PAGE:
Daniel Kudo headshot
Daniel Kudo, PharmD

We are all too familiar with the devastating effects that a fall or hip fracture can have on a resident’s quality of life. An older woman who used to play on a bowling team and enjoy long strolls with her friends suddenly has a fall. Now, she’s bedridden and unable to meet up with her friends. It’s a sad reality that workers at senior living and other long-term care facilities work hard to prevent, and it’s one that can be improved with a team-based approach.

Numerous factors can lead to a resident falling, and one of the common reasons lies with his or her medications. Drugs, such as antihistamines and medications that affect cognitive and muscular function, can increase the risk of falls. Additionally, certain drugs are metabolized very slowly in an older adult’s system, with potentially harmful effects that can linger for days. Understanding the many, varied effects that medications have on seniors requires expertise from a pharmacist who is well-versed in medications and their ramifications.

Together with an interdisciplinary team of specialists, pharmacists can help to quickly evaluate and prevent falls. Our pharmacy team at the Mt. San Antonio Gardens life care community in Pomona, CA, recently established a program, presented at the 2020 Midyear Meeting of the American Society of Health-System Pharmacists, or ASHP, that brings together a group of specialists to address people’s needs. Through this program, we have a process by which the team performs an analysis to determine the cause of every fall, evaluates the individual’s specific needs, and then makes a recommendation to the person’s physician. Based on our input, physicians then can change medications, make appointments with the appropriate healthcare specialist, and discuss protective lifestyle changes with the resident.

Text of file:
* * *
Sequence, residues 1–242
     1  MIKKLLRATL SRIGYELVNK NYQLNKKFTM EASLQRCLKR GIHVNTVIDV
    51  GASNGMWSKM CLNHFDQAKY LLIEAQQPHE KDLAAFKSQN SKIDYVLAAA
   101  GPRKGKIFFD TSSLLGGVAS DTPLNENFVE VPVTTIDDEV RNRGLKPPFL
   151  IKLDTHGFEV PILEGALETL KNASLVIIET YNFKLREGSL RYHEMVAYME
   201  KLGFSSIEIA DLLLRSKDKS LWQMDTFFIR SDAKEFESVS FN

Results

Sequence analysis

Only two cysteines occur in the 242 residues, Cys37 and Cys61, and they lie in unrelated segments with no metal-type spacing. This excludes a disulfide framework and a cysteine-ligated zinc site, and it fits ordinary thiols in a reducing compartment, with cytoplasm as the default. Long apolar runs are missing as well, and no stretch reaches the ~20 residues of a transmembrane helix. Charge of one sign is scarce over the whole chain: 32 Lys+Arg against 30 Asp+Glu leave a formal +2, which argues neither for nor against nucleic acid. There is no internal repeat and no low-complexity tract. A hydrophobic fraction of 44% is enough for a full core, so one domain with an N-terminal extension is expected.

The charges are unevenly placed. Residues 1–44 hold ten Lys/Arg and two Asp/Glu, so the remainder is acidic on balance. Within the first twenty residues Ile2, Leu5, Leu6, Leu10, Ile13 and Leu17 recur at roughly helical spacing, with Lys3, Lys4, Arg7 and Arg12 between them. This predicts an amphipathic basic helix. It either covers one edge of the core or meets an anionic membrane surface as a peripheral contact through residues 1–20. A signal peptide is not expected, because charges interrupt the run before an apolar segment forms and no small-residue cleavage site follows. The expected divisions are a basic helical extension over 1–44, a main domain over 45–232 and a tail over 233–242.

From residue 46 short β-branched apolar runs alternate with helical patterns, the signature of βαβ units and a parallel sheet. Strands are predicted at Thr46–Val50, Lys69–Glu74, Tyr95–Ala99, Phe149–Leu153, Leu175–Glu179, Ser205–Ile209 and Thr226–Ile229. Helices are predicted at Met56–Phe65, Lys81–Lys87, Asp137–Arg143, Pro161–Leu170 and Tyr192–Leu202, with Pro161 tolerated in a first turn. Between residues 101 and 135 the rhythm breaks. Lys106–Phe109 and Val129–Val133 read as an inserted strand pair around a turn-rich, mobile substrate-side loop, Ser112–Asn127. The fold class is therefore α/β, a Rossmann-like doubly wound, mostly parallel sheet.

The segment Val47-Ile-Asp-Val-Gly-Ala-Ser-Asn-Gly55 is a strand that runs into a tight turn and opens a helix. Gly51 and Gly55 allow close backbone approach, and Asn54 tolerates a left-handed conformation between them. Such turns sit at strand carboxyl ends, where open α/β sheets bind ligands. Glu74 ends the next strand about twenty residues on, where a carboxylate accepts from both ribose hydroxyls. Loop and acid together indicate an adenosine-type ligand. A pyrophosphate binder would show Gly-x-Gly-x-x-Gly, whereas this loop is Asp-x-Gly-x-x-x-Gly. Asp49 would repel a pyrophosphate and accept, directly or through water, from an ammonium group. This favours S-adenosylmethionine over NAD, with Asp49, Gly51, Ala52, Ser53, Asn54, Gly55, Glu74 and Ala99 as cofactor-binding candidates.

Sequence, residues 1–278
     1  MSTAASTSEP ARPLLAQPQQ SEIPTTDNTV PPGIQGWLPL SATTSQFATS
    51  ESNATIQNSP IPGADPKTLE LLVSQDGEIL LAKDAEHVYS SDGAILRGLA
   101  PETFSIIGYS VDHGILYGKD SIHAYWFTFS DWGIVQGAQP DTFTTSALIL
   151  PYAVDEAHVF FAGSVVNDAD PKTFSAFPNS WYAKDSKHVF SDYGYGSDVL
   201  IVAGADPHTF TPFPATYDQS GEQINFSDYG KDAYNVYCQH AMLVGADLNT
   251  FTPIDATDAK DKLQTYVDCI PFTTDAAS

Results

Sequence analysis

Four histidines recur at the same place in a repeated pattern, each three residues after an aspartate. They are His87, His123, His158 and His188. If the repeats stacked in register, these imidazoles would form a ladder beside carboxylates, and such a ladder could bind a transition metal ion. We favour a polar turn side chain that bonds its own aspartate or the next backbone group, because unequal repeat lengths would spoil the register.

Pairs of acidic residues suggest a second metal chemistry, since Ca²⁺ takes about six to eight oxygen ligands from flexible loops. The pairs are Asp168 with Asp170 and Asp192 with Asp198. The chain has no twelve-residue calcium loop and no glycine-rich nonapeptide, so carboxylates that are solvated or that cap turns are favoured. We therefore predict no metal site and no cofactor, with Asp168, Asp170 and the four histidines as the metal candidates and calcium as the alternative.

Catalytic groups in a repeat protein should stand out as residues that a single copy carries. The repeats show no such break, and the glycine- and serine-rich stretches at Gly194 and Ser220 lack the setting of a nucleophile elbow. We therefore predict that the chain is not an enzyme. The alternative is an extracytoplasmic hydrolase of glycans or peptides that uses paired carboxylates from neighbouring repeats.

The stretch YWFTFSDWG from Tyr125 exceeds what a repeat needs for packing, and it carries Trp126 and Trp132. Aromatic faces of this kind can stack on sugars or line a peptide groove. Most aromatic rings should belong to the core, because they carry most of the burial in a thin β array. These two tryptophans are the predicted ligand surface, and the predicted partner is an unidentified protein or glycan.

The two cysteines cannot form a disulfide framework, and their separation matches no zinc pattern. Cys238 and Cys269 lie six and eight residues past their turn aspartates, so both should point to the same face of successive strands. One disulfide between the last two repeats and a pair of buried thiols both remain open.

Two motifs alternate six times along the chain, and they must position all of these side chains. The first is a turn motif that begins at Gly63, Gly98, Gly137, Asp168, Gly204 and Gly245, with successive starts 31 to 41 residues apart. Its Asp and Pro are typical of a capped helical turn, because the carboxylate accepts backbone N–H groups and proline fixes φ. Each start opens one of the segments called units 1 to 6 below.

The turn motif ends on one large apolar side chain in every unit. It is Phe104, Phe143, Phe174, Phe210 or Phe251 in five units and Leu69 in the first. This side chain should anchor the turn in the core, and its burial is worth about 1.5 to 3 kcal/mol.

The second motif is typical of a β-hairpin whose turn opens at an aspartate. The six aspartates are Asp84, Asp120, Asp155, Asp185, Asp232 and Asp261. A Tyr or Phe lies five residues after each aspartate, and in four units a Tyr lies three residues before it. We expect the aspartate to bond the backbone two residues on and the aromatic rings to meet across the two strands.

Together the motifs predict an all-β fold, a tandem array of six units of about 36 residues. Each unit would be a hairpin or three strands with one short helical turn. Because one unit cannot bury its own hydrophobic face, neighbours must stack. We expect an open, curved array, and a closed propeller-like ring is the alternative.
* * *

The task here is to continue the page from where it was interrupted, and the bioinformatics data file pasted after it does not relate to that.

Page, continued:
From our work, we know pharmacists play a particularly important role on this team as the clinicians with the expertise to carefully evaluate the individual’s medications and to flag any potential issues. Some facilities rely on criteria developed years ago to identify high-risk drugs that should be avoided in geriatric individuals. A safer and more effective use of medications in such individuals requires a thorough assessment associated with pharmacist-provided medication therapy management, tailored to the person’s individual needs.

Many facilities depend too heavily on a person’s primary care physician to make critical decisions for individuals who have very complex needs. A regular medication review and assessment coupled with interdisciplinary input, interventions and follow-up, ensure that a physician is armed with a team of experts to help make those critical decisions, which can be life-changing for the resident.

Many older adults have several drug-related issues as well as cognitive impairment and complex needs. These factors increase the amount of expertise, time and attention required to deliver appropriate care. The pharmacist’s distinctive skillset and knowledge of prescription medications can identify problematic drugs and recommend alternative agents or preventative actions that the physician can incorporate into the patient care plan and, hopefully, drastically lower fall risk.

Senior living communities and other long-term care facilities care about their resident’ health and well-being above all else. Something as simple as ensuring that a pharmacist is a part of a team-based approach to preventing falls can change care for the better and mean the difference between a resident spending most of their time in their bed or enjoying life to the fullest.

Daniel Kudo, PharmD, is a professor at the Keck Graduate Institute, Claremont, CA, and a clinical pharmacist.

Gail Orum, PharmD, BCGP, is the associate dean of academic affairs at the Keck Graduate Institute.